If a park owner finds they cannot devote the time to Twitter, they can always turn to social media marketing professionals.

Here is a sample of what other parks are doing.

Ocean Lakes Family Campground

Ocean Lakes Family Campground, Myrtle Beach, S.C., embraces social media and all that it does for its business. The park has actively been involved in two of the popular social media sites — Twitter and Facebook — since 2009.

“In the beginning, we focused more on Facebook simply because it worked for our industry and our guests, and we were able to see the positive results from it,” explained Rachel Streets, marketing assistant and events coordinator. “Twitter, on the other hand, was freighting, and our tactics didn’t seem to be beneficial at first, that is until we learned the secrets.

“We were trying to use Twitter like we were using Facebook to start conversations and interactions with our guests, ultimately providing better customer service and positive PR for our company’s brand,” added Streets. “However, Twitter does not work like this. Twitter only allows you to use 140 characters to get your point across, however, so it is very difficult to carry on a conversation in only two sentences. We then learned that for our business, the best way to utilize Twitter is to use it to gather media attention and publicity.”

Ocean Lakes’ view: Since the media uses Twitter extensively to find stories to report on, may as well give them what they’re looking for.

“The key is to push out fun and interesting information about your campground so the media will see it and report about it,” she said. “We have seen where it has worked by tracking how many times we are mentioned on Twitter in a given week, which averages about 15 times per week. There may not necessarily be 15 stories about us a week, but the more your name is seen, the more likely it is remembered.”

Ocean Lakes also follows all of the major and local media sources.

“This is great because the more media you follow, the more likely they are to follow you, which means they are interested in your company and what it has to say,” Streets noted. “All and all, Twitter has really become a beneficial tool for generating more publicity for our campground, and, really, who couldn’t use more positive publicity?”

High Plains Camping Teaches Social Media

Mary Arlington, CPO, High Plains Camping, Oakley, Kan., teaches classes on social networking and has held the hands of many campground owners as she’s coached them through learning about it.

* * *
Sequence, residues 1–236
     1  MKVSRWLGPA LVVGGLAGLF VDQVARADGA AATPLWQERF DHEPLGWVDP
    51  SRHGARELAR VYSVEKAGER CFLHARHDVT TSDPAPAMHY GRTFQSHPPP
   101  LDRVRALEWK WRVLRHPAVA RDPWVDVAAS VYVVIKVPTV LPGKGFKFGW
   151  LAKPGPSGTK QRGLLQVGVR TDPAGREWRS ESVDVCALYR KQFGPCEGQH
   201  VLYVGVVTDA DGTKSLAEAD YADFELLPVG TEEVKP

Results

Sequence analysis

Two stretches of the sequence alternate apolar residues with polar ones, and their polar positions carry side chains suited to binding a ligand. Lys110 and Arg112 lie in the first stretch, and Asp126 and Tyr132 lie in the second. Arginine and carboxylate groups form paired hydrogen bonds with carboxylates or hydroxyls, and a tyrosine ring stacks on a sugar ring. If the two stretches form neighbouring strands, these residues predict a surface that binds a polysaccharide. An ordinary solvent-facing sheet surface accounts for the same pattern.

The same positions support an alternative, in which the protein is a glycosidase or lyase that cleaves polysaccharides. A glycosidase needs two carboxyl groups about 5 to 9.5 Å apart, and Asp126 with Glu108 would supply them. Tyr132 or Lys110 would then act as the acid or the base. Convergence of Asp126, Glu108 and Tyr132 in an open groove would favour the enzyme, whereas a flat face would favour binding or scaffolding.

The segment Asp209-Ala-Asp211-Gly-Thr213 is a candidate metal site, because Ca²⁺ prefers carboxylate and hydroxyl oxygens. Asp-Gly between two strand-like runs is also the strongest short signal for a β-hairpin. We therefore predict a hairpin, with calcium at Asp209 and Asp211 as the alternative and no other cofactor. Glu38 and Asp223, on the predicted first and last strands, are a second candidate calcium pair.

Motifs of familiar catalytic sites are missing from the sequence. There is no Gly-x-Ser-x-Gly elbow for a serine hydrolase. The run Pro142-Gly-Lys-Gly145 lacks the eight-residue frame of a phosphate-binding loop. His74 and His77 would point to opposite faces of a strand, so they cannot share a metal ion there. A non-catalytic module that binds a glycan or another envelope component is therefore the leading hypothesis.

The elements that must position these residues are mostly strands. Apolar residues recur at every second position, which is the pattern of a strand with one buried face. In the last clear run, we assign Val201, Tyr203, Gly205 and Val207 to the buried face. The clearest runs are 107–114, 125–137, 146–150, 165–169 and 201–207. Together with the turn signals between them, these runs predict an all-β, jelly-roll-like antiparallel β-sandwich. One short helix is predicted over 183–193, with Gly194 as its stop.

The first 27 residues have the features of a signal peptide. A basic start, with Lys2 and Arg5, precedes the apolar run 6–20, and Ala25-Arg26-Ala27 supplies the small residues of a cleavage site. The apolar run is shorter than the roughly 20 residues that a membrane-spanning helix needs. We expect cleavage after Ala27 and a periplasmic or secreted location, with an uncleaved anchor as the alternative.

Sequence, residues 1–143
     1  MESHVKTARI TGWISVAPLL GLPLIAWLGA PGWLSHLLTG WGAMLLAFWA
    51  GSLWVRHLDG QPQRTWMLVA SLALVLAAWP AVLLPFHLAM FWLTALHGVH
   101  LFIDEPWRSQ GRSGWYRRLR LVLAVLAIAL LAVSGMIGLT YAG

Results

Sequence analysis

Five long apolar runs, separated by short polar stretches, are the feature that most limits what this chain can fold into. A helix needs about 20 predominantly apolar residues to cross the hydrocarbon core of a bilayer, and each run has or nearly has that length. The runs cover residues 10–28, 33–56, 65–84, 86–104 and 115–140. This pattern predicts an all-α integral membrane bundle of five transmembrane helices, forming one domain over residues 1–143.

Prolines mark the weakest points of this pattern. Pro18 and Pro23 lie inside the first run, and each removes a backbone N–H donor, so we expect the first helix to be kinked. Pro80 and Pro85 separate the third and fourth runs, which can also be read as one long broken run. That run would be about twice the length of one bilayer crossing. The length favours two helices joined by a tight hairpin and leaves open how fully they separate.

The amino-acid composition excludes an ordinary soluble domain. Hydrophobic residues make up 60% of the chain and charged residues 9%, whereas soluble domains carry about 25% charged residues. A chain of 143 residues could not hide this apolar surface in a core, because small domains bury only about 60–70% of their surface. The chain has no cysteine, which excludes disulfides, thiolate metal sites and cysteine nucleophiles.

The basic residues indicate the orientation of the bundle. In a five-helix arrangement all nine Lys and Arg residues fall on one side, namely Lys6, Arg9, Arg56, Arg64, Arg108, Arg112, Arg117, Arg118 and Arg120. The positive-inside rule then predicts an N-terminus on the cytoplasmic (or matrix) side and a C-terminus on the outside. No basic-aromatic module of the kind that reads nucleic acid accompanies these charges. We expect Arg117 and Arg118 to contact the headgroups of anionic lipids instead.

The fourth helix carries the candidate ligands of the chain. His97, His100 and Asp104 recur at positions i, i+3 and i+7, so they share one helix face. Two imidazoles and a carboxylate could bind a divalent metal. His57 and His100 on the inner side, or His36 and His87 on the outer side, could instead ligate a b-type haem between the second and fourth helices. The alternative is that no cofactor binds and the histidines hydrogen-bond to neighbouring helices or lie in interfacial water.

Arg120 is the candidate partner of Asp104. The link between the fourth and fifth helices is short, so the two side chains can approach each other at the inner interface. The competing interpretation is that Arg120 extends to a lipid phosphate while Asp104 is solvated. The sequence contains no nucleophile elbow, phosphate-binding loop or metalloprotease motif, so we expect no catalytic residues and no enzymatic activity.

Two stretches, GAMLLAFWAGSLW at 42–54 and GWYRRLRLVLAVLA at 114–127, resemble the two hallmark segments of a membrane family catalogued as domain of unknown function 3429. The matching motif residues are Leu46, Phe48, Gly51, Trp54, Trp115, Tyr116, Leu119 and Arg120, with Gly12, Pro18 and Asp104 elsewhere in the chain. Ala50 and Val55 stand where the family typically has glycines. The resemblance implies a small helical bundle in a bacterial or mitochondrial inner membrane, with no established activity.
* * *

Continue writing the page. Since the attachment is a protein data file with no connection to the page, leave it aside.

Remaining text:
“Some refer to me affectionately as the ‘Queen of Social Networking’ while others call me their ‘Facebook Angel,’” she said. “For me, High Plains Camping can’t imagine life without these tools. Most seem to prefer Facebook, but I’ve actually achieved my highest ROI from Twitter. Between Facebook and Twitter, more RVers found the park on Twitter and then began checking out the information on Facebook, the blog and the main website.”

Has she made a million through social media?

“Heck no,” she says. “Far more still find me through all the traditional avenues, but my web stats show Twitter and Facebook to be in the top 10 for referrals,” she said. “My occupancy has skyrocketed and my prepaid, online reservations have doubled over last year, which was also off the charts compared to previous years.”

Arlington also commented on the “free-ness” of social media.

“I haven’t received any invoices but I’ve used an enormous amount of my computer background, a great deal of my marketing background, a whole lot of my love for my campers, and loads of my free time,” she said. “What is free time? The tiny snippets of time which exist between the RV’s pulling up the driveway, the phone ringing, the door opening, the employees coming in, and the emails flowing in, cleaning, admin, outdoors work, and all that we park owners do every day.

“I literally squeeze it in,” adds Arlington. “If you aren’t efficient with time, proficient with marketing, enthusiastic about people, and sufficiently skilled in Internet usage, Twitter and other forms of social networking might not be for you. For the rest of us, we’re happy to have the attention of the millions who use Twitter.”

Lake Rudolph Campground Is Fairly New to Twitter

Lake Rudolf Campground and RV Resort in Santa Claus, Ind., is fairly new to Twitter.

“We just started our account last year,” said Laura Barker, public relations/web media coordinator. “What I found is that it’s a great medium for us to get out behind-the-scenes information to our campers. It’s a good way to give them updates, even when we’re closed for the season. That is also something that generates interest. We’re only a little over 200 followers, but in the past month I’ve noticed more of our followers re-tweeting and also mentioning us when they’re here. That’s nice to see. We also use Twitter for our local media. It’s a great way for us to keep in touch with them.”

For more helpful advice visit If you’d like to read Evanne Schmarder’s tweets, visit For Ocean Lakes, visit A few Twitter sites of interest include, Zone,


One Response to “Camping Community: A Natural for Social Media”

  1. Pamela Wright on August 3rd, 2010 8:13 am

    When reading this article both online and in the print edition, I noticed that Peter Shankman was credited with being a founding father of something called Google Speak.

    Peter Shankman was one of the key forces behind AOL News, not Google. While this may not seem to be a major point, it does, unfortunately, bring in to question the validity of the balance of the piece.

    Verifying facts before reporting them is more critical now than ever before.